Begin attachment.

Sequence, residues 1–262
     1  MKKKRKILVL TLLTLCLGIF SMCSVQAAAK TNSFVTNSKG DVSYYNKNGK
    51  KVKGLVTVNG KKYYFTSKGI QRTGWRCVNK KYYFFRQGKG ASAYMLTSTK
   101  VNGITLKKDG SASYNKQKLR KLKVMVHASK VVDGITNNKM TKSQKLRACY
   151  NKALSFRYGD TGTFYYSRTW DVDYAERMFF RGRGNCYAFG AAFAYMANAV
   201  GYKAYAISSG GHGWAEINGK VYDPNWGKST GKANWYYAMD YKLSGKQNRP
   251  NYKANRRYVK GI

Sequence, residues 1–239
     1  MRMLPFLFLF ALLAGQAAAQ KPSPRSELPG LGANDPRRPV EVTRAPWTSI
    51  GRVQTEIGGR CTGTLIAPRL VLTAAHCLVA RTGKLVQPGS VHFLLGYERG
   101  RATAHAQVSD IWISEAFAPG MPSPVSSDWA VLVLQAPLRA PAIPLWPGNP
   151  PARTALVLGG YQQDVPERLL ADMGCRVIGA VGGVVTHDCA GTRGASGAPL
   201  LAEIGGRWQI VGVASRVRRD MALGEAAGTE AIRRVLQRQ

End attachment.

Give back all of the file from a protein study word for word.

Sequence, residues 1–262
     1  MKKKRKILVL TLLTLCLGIF SMCSVQAAAK TNSFVTNSKG DVSYYNKNGK
    51  KVKGLVTVNG KKYYFTSKGI QRTGWRCVNK KYYFFRQGKG ASAYMLTSTK
   101  VNGITLKKDG SASYNKQKLR KLKVMVHASK VVDGITNNKM TKSQKLRACY
   151  NKALSFRYGD TGTFYYSRTW DVDYAERMFF RGRGNCYAFG AAFAYMANAV
   201  GYKAYAISSG GHGWAEINGK VYDPNWGKST GKANWYYAMD YKLSGKQNRP
   251  NYKANRRYVK GI

Sequence, residues 1–239
     1  MRMLPFLFLF ALLAGQAAAQ KPSPRSELPG LGANDPRRPV EVTRAPWTSI
    51  GRVQTEIGGR CTGTLIAPRL VLTAAHCLVA RTGKLVQPGS VHFLLGYERG
   101  RATAHAQVSD IWISEAFAPG MPSPVSSDWA VLVLQAPLRA PAIPLWPGNP
   151  PARTALVLGG YQQDVPERLL ADMGCRVIGA VGGVVTHDCA GTRGASGAPL
   201  LAEIGGRWQI VGVASRVRRD MALGEAAGTE AIRRVLQRQ